28 March, 2016

The Biblical Offer of the Gospel:
Analysis and answer to Rev. K. W. Stebbins' book “Christ Freely Offered” in Light of Scripture and the Confessions.

Rev. Christopher J. Connors

Chapter Six – A Sincere Biblical Offer

Though Rev. Stebbins' well-meant offer is inherently insincere, God is and can be seen to be completely sincere in every aspect of the biblical offer of the gospel.

Firstly, because He has provided a Mediator, Christ Jesus, and sets Him forth in absolute verity as the Saviour of sinners. In this God is absolutely sincere.

Secondly, because God seriously and solemnly commands all sinners as responsible, rational, moral creatures to repent and believe on Christ as the way unto life. If the sinner, who is responsible and accountable for his own actions, perishes because he will not believe, he may never blame the righteous and holy God.

"The cause and guilt of this unbelief as well as of all other sins is no wise in God, but in man himself, whereas faith in Jesus Christ and salvation through Him is the free gift of God . . ."182

This being so it cannot be argued, as does Rev. Stebbins, that God must love, be gracious toward and pursue the reprobate with salvation before he can be held accountable for his rejection of Christ. This is to deny God's sovereign right to command the whole duty of sinners. When God commands, the sinner is obligated to obey. Nothing could be clearer, nothing could be more sincere. Furthermore, God is under no obligation to bestow grace upon sinners to make them willing and able to obey. That He does so flows alone from His sovereign electing love in Christ.

Thirdly, God is absolutely sincere in His promise of life to all those who repent and believe. The biblical offer is the revelation of what God REALLY wills in regard to the salvation of sinners. As Francis Turretin has pointed out:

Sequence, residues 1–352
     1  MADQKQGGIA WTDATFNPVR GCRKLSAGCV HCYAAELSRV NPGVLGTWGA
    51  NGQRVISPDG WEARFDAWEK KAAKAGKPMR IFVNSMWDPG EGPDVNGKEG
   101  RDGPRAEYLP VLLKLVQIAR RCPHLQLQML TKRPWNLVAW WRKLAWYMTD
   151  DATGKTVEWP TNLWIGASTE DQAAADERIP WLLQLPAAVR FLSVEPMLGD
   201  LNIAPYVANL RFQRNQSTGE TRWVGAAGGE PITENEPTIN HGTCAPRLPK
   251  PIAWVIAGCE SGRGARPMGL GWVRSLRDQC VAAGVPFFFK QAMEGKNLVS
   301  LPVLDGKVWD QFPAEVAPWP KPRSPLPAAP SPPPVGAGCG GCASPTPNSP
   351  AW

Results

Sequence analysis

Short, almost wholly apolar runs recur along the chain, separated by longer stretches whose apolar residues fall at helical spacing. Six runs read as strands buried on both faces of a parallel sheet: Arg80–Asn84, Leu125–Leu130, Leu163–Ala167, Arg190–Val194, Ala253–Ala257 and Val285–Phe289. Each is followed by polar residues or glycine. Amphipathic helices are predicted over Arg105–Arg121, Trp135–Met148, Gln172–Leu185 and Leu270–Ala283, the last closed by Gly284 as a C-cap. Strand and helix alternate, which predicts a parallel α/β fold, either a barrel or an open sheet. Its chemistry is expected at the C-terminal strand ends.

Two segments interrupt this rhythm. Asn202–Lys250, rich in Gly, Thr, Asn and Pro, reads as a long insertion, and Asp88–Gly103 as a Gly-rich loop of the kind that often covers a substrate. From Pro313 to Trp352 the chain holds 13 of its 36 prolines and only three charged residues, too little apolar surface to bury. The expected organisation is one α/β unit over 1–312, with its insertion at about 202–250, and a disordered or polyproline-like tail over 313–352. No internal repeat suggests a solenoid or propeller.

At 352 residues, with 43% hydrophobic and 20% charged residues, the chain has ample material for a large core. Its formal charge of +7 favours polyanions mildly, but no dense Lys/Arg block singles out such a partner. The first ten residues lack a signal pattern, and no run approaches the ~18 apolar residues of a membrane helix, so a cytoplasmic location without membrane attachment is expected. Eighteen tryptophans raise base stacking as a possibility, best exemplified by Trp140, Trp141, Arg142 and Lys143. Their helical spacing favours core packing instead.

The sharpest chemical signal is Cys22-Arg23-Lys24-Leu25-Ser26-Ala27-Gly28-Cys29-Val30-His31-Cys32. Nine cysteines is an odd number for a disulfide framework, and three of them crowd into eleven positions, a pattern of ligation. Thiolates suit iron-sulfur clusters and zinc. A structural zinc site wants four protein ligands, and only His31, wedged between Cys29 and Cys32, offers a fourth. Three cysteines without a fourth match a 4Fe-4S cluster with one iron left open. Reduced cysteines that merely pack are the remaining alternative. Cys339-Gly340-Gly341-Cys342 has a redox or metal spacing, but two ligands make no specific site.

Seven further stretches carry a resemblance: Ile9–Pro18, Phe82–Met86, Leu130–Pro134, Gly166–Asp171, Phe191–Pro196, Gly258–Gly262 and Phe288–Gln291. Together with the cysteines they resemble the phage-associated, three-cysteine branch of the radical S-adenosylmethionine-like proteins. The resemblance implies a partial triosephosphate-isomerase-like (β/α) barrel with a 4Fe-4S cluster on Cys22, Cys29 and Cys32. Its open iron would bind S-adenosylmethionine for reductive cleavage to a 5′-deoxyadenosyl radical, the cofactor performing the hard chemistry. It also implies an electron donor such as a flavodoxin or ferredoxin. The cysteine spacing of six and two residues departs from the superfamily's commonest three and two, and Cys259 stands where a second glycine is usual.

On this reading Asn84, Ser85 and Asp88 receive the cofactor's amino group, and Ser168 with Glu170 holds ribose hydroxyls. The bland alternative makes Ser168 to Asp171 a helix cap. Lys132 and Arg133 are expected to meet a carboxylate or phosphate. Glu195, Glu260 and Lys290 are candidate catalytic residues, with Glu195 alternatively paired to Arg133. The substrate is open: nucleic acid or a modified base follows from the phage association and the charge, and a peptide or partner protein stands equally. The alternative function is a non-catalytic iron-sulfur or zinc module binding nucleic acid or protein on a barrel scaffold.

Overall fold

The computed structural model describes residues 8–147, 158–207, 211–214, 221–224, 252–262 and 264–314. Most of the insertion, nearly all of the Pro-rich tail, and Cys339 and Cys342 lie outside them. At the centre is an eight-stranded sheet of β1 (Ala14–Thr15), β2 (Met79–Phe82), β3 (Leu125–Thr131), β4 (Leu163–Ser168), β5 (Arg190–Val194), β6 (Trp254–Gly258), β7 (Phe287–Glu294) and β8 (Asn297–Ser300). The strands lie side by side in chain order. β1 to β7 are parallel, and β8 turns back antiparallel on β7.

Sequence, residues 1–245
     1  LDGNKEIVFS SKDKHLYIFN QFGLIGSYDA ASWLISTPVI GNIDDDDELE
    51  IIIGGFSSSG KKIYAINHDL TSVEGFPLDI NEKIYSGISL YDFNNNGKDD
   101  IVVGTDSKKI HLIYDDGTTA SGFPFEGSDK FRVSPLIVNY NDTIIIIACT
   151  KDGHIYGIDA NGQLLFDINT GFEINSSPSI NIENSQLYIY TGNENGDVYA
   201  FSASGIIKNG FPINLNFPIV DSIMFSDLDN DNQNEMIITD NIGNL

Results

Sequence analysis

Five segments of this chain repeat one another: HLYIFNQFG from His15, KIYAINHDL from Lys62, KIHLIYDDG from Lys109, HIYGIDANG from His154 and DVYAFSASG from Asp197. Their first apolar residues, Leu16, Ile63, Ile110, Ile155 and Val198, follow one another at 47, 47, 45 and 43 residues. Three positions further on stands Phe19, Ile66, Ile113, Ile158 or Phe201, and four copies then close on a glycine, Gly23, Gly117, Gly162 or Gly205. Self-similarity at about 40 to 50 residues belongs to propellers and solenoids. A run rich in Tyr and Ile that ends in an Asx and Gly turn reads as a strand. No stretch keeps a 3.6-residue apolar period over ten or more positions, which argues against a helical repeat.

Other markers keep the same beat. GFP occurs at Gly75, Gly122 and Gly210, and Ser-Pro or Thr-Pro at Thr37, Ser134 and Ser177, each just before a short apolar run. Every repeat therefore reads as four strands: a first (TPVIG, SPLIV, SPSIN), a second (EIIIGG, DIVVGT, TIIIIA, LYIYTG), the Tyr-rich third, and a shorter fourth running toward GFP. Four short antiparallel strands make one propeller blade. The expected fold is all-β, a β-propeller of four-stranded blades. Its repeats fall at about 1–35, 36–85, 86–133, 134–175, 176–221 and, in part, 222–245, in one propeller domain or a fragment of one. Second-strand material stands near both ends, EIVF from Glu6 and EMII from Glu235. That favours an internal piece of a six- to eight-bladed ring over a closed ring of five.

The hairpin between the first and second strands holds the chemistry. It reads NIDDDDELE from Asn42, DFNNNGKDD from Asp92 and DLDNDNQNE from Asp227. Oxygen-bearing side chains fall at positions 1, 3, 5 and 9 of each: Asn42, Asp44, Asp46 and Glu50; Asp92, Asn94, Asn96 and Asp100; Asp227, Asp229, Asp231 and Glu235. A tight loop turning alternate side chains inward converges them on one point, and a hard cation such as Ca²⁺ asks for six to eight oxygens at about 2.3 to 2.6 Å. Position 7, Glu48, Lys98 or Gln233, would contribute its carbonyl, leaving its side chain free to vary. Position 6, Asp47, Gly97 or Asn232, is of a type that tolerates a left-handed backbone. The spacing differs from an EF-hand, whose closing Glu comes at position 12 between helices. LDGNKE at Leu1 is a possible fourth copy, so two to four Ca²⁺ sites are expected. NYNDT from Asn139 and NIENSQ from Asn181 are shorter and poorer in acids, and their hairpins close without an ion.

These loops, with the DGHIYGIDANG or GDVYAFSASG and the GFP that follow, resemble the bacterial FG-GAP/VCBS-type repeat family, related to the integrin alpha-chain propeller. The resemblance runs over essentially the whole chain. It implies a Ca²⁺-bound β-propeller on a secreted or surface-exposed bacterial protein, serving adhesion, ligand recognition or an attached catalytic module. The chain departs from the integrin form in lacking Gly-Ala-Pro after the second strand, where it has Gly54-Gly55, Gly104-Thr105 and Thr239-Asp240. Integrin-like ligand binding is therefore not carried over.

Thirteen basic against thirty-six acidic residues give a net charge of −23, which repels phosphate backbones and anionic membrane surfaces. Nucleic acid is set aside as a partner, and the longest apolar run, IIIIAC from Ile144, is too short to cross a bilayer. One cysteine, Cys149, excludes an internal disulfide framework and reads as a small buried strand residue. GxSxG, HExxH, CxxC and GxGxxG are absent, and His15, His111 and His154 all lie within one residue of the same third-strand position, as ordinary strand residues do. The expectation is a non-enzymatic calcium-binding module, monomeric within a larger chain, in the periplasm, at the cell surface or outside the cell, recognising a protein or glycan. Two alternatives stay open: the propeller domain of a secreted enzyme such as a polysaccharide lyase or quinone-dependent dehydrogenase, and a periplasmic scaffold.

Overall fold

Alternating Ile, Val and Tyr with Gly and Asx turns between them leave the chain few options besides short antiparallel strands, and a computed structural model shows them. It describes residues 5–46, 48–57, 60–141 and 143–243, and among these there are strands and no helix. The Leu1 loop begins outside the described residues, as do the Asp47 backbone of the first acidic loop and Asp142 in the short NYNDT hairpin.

“When God's revealed will signifies that he wills the salvation of all believers and penitents it signifies that He wills that which He really wills and nothing is more true, nothing more sincere than such a declaration."183

God actively wills the salvation of all penitent sinners. His promise is personal and particular to sinners who repent and believe. It is never made generally to all men if they will fulfill certain conditions. The particular promise is sincere because it promises what God Himself intends to do and has already provided in Christ. It is always and forever fulfilled.

In the Biblical offer, Christ promises "rest" to the "weary and heavy laden" sinner, "water and bread of life" to the spiritually "thirsty and hungry" and salvation to the man who sees himself as sick and perishing in sin; never is God's promise made generally to those who are carnally secure and smugly self-righteous.184 This is so, because it is through the means of the outward call of the gospel Christ effectually calls His sheep by name. They recognise their spiritual name and heed the Shepherd's call. The elect sinner hears himself described in his spiritual condition, heavy laden, weary, hungry, thirsty, poor, guilty sinner. Ah! cries the awakened sinner with wonder: He calls ME! Jesus is calling me! I will flee to Him who so graciously calls me, the sinner, to rest and life. For I see Him now as the altogether lovely one, the Saviour of God's providing who is able to save sinners like me. This is the overwhelming tender kindness of God's love (Jer. 31:3). It melts the heart, overcomes all resistance and draws the elect sinner to Jesus Christ in wholehearted approbation of God's way of salvation in Him. The elect sinner sees Christ as the answer to his every need, his all sufficient and blessed Saviour. He is brought to cry:

O the manifold wisdom and unsearchable love of God, to prepare and furnish a Saviour so fully answering all the needs, all the distresses, all the fears and burdens of a poor sinner."185

Thankfully, the gospel offer is not trapped in Rev. Stebbins' quandary. It can answer positively, AND DEMONSTRATE to the needy sinner that the Biblical, Confessional offer186 is sincere. Christ Jesus the Mediator of the Covenant of Grace, and His particular, substitutionary atonement are the strong rock and high tower of the biblical offer.

God's offer, the biblical offer, is without contradiction or duplicity of any sort. God promises to repentant, believing sinners what He has eternally purposed to give, namely the full and free salvation provided in the blood of Christ Jesus. The proclamation from beginning to end is a declaration of sovereign, particular, saving grace in Christ directed by God toward the gathering of the lost sheep of the house of Israel.